If you have ever doubted the contributions niche artistic & cultural practices can make to greater society, read check out this story on the BBC site recounting how puppetry helped preserve the Czech language.
…intellectuals, who had initially resisted the German language, followed suit. Even Czech actors began to perform in German as an official mandate.
[wood carvers]…started making puppets for the actors of Bohemia soon after Ferdinand II came to power, as puppets were the only remaining entities that had the right to speak Czech in public places. While the rest of the country and its people adhered to the newly imposed German language, wandering actors and puppet-masters spoke through the puppets in their native Slavic tongue.
It might seem unlikely that a few hundred puppets and puppet-masters could safeguard a language, especially through a loophole, but the people’s last remaining legacy to their past was tied to the puppet’s strings.
It’s easy to see why these marionettes have found a home in Czech hearts, and why the magic of puppets continues to permeate the city.
It is often the case that a dominant culture tries to undermine, perhaps with the intent of forced assimilation, the identity of other cultures by outlawing popular practices. Occasionally niche cultural practices are tolerated because they are not taken seriously or because they don’t appear to have broad impact.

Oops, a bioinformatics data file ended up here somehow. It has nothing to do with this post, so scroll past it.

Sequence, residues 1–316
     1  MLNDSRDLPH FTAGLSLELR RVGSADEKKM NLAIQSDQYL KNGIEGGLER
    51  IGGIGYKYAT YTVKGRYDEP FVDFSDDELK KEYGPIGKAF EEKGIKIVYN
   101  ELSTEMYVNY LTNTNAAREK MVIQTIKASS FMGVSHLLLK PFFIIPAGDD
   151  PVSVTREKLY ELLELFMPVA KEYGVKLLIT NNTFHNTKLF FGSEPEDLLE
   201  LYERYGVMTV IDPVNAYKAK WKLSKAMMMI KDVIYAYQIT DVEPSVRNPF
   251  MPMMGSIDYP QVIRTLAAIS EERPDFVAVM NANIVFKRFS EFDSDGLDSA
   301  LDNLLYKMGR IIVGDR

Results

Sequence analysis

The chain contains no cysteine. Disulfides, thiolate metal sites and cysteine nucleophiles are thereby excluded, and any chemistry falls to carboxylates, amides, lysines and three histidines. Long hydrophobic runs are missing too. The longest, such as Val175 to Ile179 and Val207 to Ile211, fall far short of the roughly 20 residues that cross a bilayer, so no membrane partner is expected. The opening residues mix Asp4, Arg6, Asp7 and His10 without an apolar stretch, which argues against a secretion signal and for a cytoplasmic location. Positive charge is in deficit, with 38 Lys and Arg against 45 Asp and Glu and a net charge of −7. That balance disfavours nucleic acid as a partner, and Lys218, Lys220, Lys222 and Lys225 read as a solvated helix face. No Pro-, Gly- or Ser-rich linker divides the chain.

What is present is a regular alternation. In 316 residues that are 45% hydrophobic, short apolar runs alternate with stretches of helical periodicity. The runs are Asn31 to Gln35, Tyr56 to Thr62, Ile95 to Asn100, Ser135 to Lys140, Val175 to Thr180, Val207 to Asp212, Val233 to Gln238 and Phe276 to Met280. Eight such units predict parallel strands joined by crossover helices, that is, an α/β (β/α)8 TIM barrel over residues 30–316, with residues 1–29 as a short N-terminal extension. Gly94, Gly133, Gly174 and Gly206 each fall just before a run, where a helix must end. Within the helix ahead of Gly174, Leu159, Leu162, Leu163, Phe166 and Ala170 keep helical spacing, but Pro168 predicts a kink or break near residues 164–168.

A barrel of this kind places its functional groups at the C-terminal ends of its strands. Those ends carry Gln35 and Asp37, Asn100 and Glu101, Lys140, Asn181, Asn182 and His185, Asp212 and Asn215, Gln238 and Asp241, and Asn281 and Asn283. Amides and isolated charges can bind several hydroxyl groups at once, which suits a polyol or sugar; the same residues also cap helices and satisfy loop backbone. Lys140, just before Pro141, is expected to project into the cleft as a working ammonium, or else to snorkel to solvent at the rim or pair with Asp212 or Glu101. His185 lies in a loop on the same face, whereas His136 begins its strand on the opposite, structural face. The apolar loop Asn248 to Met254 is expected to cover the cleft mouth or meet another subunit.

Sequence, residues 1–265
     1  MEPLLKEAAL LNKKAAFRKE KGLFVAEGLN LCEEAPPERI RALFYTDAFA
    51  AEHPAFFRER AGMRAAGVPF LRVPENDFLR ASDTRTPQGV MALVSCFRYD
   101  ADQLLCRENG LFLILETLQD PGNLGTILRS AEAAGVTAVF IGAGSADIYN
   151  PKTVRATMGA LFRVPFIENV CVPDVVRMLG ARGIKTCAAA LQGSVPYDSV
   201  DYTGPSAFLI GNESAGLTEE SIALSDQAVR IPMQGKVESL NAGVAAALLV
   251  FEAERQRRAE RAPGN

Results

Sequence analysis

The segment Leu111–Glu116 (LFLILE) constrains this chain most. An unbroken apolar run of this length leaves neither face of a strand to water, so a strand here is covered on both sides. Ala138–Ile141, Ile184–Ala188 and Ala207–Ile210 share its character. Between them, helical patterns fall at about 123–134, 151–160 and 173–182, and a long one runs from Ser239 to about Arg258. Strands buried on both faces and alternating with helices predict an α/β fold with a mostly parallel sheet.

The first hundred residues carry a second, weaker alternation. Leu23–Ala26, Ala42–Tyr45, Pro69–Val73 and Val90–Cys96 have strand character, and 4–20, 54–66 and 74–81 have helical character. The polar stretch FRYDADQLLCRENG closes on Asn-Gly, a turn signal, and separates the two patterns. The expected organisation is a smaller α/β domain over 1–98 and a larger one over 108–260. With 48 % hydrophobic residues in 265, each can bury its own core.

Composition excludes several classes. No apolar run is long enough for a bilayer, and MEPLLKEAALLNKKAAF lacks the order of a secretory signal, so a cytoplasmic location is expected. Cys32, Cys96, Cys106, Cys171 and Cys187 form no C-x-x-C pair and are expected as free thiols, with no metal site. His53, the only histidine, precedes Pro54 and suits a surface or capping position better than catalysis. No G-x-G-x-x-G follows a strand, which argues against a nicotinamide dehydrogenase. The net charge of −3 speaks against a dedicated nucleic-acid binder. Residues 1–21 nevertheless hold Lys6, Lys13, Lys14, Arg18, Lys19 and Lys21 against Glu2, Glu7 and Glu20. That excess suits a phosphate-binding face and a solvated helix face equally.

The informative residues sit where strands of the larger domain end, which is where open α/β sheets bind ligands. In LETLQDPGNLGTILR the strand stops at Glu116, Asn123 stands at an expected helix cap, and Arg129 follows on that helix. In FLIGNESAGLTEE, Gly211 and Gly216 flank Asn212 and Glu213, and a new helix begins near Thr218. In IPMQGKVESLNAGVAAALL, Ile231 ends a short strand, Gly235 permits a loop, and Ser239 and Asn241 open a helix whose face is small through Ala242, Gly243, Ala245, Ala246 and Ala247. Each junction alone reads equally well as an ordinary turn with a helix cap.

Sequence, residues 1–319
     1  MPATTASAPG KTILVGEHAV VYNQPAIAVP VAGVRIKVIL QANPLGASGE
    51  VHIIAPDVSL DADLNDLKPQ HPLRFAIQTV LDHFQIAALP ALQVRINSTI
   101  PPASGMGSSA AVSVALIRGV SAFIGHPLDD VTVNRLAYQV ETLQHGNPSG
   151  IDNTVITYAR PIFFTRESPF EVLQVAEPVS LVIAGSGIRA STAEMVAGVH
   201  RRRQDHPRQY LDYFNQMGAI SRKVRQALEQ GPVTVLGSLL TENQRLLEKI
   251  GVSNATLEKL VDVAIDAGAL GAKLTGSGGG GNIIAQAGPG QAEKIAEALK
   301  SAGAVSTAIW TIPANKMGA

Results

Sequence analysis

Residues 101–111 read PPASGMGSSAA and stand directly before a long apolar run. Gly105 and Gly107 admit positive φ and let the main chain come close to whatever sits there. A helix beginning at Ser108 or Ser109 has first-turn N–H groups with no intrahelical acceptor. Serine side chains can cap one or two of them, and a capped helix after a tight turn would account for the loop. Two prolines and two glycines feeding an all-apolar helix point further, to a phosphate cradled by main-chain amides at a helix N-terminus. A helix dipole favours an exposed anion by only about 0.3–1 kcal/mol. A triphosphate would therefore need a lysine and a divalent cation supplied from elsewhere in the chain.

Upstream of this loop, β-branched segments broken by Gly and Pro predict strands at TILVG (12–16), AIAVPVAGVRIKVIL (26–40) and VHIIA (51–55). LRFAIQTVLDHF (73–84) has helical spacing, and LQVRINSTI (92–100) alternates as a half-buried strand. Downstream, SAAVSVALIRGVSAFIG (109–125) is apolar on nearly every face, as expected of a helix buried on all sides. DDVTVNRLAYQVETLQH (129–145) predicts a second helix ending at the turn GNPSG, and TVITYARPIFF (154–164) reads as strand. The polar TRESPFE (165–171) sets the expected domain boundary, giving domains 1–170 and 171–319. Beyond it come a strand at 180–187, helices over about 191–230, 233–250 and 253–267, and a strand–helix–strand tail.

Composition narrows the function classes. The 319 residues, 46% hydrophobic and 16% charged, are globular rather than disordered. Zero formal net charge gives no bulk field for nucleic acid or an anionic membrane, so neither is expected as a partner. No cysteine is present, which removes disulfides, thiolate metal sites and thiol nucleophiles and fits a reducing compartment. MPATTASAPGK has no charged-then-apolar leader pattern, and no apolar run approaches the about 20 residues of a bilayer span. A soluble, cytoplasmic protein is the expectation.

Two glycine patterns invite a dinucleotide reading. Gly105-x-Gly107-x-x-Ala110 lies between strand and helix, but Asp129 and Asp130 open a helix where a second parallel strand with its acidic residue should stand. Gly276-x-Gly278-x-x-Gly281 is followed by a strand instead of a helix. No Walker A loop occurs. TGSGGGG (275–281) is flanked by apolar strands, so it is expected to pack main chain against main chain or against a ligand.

Something similar happened in Hawaii (as well as other places, I am sure), where there was a strong bias against speaking the language and close to an outright prohibition against hula, with which chant is inexorably bound. It was only due to individuals performing and practicing in private that cultural practices were preserved until public practice was allowed. Even still, a lot had been lost and is still in the process of being reinvigorated in the shadow of influential pop culture.
Indeed, currently reclaiming and participating in traditional practice is increasingly valued. Some of it is certainly motivated by the prestige of being associated with “bespoke” craftsmanship. But that desire drives a demand for people to actually master the skills to produce quality sought after goods, services and experiences.
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